Last week, my partner and I were on the train that runs along the Hudson River (its real name, Mahicantuck “the river that flows two ways”) to Grand Central terminal. It’s a ride that takes 1.53 hrs, and we held hands the whole time. Except for when I stole his book and he took it back. There was no handholding then.
Because of our work, and the fact that we prefer being around trees and not buildings, we never really leave upstate, but we had a meeting at the AICH (American Indian Community House), and after we decided to stick around for a while. We found a patio where we could do some people-watching and drink a glass of wine. Across from us, on the street, was a man in a suit sitting on a ginormous planter with flowers that was also a bench. We watched him, trying to figure out if he was “one of us.”
Look. The braid! Just like ours.
Maybe an eagle will land on him, and we’ll see it on TikTok later: “Sitting on a bench in NYC, Indigenously.” (Cue: laughs)
Give him “the nod” and see how he reacts.
Believe it or not, this right here falls under things I wanted in life but never knew how it could happen. To meet someone whose life has also been directly shaped and affected by the realities we face as Indigenous people but who also doesn’t mind taking a break from the seriousness to goof around and laugh at things most others would probably think of as stupid. Do you have something like that? Something you want for your life, but don’t know how to make it happen?
Get out of a bad situation.
Change the way you spend your days.
Finding peace within yourself and not being anxious every second of the day.
All these things can feel overwhelming and even scary. Thoughts start to spin out-of-control: What if I can’t do it? What if it never happens?
The problem with that is when most of us feel fear, overwhelm, maybe even panic–– we freeze. That stress of not knowing how it will turn out, or if it will work out, causes a survival response, and exactly like the word freeze implies, it stops us from moving. It keeps us stuck.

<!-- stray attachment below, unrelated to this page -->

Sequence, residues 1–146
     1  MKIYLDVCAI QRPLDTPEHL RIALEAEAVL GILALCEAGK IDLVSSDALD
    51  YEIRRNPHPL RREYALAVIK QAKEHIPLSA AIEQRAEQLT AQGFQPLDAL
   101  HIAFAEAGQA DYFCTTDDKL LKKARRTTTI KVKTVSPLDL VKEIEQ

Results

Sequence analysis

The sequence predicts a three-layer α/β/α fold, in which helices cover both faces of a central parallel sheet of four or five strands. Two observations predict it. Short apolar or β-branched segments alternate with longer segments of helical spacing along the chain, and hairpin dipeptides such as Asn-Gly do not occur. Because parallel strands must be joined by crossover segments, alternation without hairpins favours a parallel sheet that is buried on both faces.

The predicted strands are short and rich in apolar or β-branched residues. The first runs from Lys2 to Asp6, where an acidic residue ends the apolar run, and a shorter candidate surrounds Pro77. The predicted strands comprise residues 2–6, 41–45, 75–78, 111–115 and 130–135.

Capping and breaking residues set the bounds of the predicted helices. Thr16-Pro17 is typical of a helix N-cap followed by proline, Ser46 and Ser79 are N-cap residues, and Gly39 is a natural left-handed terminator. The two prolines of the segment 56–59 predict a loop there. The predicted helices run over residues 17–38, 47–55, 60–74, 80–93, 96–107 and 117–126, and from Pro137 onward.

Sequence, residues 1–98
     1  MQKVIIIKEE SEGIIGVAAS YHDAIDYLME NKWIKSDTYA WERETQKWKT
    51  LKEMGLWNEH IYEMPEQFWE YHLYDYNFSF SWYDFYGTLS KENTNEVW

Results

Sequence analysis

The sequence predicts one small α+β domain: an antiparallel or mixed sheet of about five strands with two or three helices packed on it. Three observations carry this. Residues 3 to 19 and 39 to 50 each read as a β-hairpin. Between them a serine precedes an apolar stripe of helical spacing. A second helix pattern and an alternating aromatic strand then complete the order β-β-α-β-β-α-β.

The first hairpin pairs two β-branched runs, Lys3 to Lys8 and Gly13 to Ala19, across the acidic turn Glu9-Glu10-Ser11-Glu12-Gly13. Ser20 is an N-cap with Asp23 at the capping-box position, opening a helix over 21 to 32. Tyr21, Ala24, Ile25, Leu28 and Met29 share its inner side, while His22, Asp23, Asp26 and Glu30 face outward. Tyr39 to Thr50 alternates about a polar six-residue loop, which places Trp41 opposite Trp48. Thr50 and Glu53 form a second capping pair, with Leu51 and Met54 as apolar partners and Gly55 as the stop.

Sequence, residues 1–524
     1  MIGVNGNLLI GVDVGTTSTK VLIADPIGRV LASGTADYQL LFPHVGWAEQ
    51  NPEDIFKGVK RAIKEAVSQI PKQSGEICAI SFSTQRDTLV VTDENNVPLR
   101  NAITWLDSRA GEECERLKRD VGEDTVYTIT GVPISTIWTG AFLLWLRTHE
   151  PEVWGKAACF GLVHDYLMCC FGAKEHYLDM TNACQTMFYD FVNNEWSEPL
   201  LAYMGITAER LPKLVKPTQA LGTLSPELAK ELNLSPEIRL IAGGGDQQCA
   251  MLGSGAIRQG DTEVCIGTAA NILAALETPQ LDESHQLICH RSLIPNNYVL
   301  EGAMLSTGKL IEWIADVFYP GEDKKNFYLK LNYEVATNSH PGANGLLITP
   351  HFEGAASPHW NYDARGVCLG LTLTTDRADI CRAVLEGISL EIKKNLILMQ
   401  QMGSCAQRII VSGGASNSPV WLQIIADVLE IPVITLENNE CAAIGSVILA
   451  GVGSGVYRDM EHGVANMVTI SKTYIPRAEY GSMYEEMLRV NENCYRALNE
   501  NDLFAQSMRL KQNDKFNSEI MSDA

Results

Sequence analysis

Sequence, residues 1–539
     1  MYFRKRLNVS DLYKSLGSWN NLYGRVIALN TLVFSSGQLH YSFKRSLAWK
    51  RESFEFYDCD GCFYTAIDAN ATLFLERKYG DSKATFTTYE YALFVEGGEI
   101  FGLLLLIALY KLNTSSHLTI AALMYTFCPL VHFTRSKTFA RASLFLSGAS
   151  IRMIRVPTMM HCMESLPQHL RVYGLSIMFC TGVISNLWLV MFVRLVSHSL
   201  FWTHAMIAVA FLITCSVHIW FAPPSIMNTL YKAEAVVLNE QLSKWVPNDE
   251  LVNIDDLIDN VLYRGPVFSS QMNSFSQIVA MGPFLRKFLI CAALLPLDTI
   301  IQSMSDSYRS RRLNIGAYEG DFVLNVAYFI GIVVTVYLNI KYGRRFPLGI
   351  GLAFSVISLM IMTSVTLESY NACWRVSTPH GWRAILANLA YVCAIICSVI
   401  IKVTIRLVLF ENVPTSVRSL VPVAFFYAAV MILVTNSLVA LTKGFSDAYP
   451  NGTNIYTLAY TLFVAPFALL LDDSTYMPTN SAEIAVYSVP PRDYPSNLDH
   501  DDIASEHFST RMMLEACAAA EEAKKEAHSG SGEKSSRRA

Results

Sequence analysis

The reality is that when you’re faced with terrible odds like how Indigenous people only make up 0.7% of the population where you live, and your relationship track record consists almost exclusively of narcissists and sociopaths… or you’ve only ever learned how to manage and live with your symptoms, not heal from them… or there’s inflation and you can barely cover the cost of groceries that have doubled in price… then it’s natural to panic a bit.
Unless you’re completely numb, you will have a response to something that causes you “harm.” But what we don’t want is to stay in that state. Remember, it freezes us in place, which makes it hard, if not impossible, to move forward.
What has helped me (after a moment of freaking out) is focusing on what I can do, knowing I do my best with what I got or the circumstance/situation I’m in. While also having a lot of faith and trust that the answers will come, or it will work itself out, even if I don’t know how yet. It might not be perfect, but standing up doing something beats laying on the floor like a ball of stress or hiding under the covers. Which I did a lot back in my days with trauma.
If something feels impossible or hard to you right now, comment below and we can come up with some things for you to focus on together. ❤️
Pewkayal (until we meet again),